AUGUSTA, Maine — A Superior Court judge has dismissed a case seeking to invalidate thousands of petition signatures gathered by opponents of a recent tax restructuring bill passed by the Legislature.
Justice Donald Marden’s ruling, combined with a related decision earlier this week, effectively clears the way — absent a successful appeal — for a June 2010 vote on the latest attempt to revamp Maine’s tax code.
The tax reform bill, approved largely along a party-line vote last spring, lowers Maine’s top income tax rate from 8.5 percent to 6.5 percent for all Mainers earning less than $250,000 a year, although many will pay even less. To make up for the lost income tax revenue, the bill applies the sales tax to more goods and services and raises the meals and lodging tax from 7 percent to 8.5 percent.
Supporters claim that roughly 90 percent of all Mainers will see a tax cut under the bill, with tourists and out-of-state visitors shouldering more of the tax burden. But critics, led by Republican lawmakers and Maine GOP chairman Charlie Webster, predict the new sales taxes will harm the poor and the elderly while discouraging tourism.
On Monday, Marden had ruled that Secretary of State Matthew Dunlap had taken too long to review the petition signatures and, therefore, had lost his authority to make a decision on the validity of the petitions. Dunlap acknowledged the delay but said his office’s first obligation was to stage the Nov. 3 election featuring seven ballot questions.
The Monday ruling did not affect the people’s veto initiative, which Dunlap already had certified for the June ballot, albeit belatedly. But Marden’s decision nonetheless was seen as a policy victory for the Maine Republican Party, which had sued the secretary of state for failing to meet the deadline.
In Wednesday’s ruling, Marden rejected Charles Johnson’s arguments that Dunlap had wrongly certified as valid nearly 9,700 signatures gathered by the Maine GOP and other critics of the tax reform package.
Johnson, a supporter of the tax restructuring bill from Hallowell, had alleged that a public notary who notarized thousands of the petition signatures had a conflict of interest because he had been paid to help gather signatures.
Johnson also challenged the thoroughness of the review conducted by Dunlap’s office, alleging some signatures should have been tossed out because they were either illegible, had questionable dates or the signers were not in the Central Voter Registry.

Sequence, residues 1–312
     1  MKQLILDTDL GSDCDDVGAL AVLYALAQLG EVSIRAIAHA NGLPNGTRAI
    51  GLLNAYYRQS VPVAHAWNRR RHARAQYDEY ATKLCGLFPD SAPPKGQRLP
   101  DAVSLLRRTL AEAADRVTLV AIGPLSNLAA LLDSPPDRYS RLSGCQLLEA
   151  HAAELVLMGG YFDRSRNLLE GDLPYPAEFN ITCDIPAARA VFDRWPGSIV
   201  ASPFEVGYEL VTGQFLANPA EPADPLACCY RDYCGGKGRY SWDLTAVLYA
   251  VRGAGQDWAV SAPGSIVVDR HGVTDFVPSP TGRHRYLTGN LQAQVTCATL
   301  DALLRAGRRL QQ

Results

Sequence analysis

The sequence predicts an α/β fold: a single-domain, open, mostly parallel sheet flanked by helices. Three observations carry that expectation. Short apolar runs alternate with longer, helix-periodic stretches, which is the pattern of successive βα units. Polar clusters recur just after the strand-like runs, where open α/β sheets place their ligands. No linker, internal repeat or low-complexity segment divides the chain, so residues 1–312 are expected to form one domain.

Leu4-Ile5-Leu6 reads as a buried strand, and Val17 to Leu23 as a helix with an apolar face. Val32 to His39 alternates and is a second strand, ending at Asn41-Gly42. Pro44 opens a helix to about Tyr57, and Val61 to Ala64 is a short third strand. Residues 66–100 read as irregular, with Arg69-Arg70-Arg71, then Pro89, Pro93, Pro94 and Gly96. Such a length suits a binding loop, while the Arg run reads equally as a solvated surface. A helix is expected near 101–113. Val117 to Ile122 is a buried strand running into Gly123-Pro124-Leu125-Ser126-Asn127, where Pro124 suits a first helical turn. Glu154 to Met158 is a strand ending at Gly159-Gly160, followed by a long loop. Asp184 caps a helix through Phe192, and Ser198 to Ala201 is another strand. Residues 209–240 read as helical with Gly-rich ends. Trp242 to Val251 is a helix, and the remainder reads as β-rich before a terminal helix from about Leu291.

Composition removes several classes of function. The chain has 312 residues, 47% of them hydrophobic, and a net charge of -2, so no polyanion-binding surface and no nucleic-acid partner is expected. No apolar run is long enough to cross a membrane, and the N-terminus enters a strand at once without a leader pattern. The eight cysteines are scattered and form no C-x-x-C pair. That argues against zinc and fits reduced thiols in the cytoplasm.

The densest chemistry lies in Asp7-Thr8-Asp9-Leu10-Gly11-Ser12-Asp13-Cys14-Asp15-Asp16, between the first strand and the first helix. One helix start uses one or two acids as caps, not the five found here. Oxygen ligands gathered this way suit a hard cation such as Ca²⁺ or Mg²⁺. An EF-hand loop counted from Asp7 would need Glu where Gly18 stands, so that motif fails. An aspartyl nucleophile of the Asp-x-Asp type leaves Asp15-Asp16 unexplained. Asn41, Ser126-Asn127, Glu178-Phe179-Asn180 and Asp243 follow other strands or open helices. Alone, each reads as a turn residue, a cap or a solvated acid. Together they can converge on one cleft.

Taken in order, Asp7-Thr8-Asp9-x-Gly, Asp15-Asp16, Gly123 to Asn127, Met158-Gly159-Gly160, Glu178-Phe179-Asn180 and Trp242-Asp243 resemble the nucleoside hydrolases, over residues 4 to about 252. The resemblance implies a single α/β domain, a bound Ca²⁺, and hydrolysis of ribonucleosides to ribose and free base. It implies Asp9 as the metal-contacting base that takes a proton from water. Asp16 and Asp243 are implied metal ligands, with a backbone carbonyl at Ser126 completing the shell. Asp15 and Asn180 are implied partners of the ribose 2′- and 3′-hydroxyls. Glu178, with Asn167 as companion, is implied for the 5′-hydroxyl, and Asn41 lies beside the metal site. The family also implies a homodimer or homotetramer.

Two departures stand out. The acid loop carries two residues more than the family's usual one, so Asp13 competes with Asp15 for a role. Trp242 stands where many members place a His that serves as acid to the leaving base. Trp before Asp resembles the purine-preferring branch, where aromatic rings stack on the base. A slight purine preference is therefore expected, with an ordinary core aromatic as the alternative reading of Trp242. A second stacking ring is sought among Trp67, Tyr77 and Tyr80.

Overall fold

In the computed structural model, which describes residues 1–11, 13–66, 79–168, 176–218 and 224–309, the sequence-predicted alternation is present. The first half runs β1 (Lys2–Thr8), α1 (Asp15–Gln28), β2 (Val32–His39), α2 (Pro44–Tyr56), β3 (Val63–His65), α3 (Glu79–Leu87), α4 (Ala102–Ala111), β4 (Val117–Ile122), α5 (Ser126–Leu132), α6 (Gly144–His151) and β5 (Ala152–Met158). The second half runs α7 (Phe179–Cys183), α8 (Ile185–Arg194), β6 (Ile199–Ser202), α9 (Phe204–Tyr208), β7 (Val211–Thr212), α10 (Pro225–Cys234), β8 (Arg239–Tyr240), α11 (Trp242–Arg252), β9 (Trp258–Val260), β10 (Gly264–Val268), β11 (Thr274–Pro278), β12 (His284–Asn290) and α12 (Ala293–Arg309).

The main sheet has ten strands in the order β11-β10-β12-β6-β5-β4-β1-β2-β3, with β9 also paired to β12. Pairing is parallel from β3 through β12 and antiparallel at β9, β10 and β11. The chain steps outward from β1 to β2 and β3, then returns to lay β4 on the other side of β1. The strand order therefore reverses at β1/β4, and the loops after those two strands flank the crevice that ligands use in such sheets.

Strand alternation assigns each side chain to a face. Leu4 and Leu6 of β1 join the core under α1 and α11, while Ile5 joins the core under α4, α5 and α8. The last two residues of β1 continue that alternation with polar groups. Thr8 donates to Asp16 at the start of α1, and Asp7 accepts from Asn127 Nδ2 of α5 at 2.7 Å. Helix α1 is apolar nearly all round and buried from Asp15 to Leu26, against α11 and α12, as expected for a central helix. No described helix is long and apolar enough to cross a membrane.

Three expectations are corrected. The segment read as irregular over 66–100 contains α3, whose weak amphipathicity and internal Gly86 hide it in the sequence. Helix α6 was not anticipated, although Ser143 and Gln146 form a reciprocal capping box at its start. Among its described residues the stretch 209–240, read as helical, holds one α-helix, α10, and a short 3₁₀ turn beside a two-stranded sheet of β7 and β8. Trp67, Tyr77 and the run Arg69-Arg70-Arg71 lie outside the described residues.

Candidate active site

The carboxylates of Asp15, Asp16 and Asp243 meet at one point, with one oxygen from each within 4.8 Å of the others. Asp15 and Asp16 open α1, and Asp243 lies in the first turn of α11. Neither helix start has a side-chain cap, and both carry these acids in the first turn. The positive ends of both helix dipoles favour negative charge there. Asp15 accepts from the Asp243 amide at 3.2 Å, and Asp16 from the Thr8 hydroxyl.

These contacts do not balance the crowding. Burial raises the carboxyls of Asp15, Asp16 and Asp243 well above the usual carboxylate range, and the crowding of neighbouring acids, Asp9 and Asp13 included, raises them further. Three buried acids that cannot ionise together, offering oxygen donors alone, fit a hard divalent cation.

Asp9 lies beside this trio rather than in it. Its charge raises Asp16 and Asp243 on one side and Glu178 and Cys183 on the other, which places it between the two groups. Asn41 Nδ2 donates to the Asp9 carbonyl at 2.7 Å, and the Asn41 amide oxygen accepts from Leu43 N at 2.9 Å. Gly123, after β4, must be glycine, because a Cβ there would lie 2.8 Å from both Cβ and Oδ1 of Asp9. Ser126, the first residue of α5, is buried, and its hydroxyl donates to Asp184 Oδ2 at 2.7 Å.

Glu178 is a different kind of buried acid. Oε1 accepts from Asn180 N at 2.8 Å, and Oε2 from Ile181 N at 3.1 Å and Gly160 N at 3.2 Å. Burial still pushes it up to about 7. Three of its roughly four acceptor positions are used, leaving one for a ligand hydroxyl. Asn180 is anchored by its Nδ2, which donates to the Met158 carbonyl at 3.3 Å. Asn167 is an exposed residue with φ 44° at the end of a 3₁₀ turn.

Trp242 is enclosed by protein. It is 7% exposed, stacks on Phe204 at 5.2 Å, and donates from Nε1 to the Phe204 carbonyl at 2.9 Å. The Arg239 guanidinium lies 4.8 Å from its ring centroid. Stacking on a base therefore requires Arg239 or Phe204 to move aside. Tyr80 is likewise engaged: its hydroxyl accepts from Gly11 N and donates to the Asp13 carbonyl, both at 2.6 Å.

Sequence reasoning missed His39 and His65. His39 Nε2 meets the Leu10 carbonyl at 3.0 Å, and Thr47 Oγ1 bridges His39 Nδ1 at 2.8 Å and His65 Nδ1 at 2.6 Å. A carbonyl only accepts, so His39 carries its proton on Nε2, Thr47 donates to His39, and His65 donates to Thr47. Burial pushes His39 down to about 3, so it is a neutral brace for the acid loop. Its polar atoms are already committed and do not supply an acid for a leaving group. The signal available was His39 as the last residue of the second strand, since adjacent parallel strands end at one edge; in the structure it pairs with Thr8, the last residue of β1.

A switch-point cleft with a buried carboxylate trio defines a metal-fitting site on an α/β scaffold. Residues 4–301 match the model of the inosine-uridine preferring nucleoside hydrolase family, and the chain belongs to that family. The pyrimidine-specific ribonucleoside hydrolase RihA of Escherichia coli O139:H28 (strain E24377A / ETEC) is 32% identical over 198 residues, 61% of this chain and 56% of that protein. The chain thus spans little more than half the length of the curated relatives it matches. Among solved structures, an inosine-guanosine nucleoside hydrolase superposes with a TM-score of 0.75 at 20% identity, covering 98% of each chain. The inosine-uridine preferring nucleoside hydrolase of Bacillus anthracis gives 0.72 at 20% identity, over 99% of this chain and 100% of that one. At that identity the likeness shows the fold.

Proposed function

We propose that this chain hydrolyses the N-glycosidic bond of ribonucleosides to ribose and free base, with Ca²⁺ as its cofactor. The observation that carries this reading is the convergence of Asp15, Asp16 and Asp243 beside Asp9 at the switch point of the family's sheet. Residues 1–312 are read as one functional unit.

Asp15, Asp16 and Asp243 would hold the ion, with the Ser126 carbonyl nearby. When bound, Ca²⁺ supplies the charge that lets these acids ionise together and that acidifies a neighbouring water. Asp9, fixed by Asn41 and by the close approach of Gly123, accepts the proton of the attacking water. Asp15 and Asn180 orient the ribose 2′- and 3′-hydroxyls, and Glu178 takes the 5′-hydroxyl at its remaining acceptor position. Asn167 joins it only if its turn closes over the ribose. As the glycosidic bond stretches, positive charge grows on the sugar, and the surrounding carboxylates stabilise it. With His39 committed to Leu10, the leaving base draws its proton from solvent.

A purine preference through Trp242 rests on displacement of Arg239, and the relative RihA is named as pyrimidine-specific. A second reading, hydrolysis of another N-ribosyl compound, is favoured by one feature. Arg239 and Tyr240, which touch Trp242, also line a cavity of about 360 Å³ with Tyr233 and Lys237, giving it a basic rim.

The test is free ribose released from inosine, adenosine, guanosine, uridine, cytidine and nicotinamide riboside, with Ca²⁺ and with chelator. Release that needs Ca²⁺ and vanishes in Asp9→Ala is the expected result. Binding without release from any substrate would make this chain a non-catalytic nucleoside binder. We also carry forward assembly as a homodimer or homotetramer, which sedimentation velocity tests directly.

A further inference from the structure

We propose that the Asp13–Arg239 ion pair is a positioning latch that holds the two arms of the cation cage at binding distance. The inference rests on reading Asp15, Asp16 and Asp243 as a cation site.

In his written decision, Marden noted that his earlier ruling had effectively rendered the Johnson case moot. But he deliberated on the matter in case an appeal of the earlier case is successful.
Marden wrote that, despite the delay, “the court is satisfied that the agency decision of the Secretary of State in this matter is founded upon constitutional and statutory provisions” and that Dunlap’s office followed “lawful procedure.” And that the decision was not affected by “bias or error of law,” Marden wrote.
Dan Billings, an attorney representing Maine GOP chairman Charlie Webster in the cases, applauded both decisions and pointed out that opponents of the ballot measure would have to be successful on two appeals to block a June vote.
“I think the likelihood of that happening is slim,” Billings said.
But Billings said the earlier decision about what happens when the secretary of state misses a deadline was especially notable from a policy standpoint.
“It let’s the secretary of state know and also lets the Legislature know that if these decisions aren’t made in a timely basis, in the future it will go directly to the voters,” Billings said.
Rep. John Piotti, the House majority leader and one of the key architects of the tax reform bill, called Marden’s ruling on the deadline “a terrible precedent” and said he hopes an appeal, if filed, would be successful.
Piotti, D-Unity, said the entire process has been frustrating for supporters of the tax reform effort.
If it weren’t for the people’s veto, the vast majority of Mainers would see their income taxes lowered on Jan. 1 under the tax reform bill. Those tax cuts have been put on hold, however, pending the result of the June referendum, Piotti said.